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Why Study the Past?
The Quest for the Historical Church
PAPERBACK; Published: 7/6/2005
ISBN: 978-0-8028-2990-0
135 Pages
Trim Size, in inches: 5.25x8.5
In Stock
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From the first chapter:
"Good historical writing constructs our sense of who we are by a real engagement with the strangeness of the past. . . . Bad history is any kind of narrative that refuses this difficulty and enlargement -- whether by giving us a version of the past that is just the present in fancy dress or by dismissing the past as a wholly foreign country whose language we shall never learn."

The well-worn saying about being condemned to repeat the history we do not know applies to church history as much as to any other kind. But how are Christians supposed to discern what lessons from history need to be learned?

In this small but thoughtful volume, respected theologian and churchman Rowan Williams opens up a theological approach to history, an approach that is both nonpartisan and relevant to the church's present needs. As he reflects on how we consider the past in general, Williams suggests that how we consider church history in particular remains important not so much for winning arguments as for clarifying who we are as time-bound human beings. Good history is a moral affair, he advises, because it opens up a point of reference that is distinct from us yet not wholly alien. The past can then enable us to think with more varied and resourceful analogies about our identity in the often confusing present.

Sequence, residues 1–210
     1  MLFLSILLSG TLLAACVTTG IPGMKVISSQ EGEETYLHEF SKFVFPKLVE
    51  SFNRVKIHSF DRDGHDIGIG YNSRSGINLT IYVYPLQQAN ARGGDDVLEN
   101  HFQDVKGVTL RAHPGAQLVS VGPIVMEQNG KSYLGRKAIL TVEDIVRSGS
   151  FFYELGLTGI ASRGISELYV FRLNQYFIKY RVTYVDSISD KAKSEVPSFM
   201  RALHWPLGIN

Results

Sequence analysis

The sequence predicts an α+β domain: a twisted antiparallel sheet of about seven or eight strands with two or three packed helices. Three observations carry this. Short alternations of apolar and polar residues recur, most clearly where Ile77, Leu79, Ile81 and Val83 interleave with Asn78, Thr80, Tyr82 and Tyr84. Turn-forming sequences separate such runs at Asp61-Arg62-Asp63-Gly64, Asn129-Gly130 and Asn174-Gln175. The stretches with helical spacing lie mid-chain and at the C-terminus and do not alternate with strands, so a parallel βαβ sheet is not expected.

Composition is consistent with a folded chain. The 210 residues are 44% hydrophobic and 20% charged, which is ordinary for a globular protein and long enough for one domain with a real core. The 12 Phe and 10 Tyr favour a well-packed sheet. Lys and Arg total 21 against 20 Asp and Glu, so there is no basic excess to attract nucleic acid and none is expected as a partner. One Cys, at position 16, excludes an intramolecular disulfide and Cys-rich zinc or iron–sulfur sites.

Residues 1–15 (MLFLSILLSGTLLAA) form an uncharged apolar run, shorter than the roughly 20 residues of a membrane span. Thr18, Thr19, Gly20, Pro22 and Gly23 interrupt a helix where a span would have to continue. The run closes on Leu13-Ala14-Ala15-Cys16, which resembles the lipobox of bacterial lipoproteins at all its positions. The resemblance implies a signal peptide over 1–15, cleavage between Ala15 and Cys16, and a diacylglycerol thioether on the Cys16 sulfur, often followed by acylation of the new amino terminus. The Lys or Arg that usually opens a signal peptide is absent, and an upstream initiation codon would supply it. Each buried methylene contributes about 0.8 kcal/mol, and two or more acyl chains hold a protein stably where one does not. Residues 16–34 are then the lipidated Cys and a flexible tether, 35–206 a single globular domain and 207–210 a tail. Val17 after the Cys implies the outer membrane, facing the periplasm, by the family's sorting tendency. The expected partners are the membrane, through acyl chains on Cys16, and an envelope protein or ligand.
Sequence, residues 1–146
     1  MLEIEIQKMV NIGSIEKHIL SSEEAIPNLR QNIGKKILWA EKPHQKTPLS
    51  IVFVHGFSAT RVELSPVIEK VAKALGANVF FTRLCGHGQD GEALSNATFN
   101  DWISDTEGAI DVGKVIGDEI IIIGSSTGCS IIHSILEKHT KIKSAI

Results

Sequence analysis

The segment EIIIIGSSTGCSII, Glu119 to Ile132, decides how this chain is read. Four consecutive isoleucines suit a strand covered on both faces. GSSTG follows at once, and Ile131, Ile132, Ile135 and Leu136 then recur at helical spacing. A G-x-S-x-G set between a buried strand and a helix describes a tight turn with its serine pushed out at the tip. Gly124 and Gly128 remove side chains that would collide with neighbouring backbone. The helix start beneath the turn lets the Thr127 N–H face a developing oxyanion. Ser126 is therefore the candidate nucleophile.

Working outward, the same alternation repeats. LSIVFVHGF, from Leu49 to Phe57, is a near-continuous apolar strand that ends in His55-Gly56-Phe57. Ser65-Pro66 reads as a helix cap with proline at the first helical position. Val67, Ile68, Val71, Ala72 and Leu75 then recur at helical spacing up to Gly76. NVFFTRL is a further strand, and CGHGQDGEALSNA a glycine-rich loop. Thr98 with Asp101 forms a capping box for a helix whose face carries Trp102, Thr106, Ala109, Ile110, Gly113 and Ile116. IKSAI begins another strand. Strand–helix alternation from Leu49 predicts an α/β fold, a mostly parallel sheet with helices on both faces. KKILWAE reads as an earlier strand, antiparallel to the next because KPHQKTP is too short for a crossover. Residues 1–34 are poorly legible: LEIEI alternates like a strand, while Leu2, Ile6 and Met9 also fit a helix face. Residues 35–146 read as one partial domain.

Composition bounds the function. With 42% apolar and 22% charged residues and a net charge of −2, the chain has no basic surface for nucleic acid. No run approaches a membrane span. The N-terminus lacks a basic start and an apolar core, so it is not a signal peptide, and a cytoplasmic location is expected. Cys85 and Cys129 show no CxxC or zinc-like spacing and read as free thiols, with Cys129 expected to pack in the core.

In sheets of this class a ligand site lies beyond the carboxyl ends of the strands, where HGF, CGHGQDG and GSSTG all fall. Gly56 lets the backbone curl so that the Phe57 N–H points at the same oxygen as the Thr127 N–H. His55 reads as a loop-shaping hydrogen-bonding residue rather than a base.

Christianity Today, Award of Merit, History/Biography (2006)
The Living Church
"A refreshing and clear case for the importance of church history in Christian life today. . . An extended and often beautiful reflection on the communion of saints."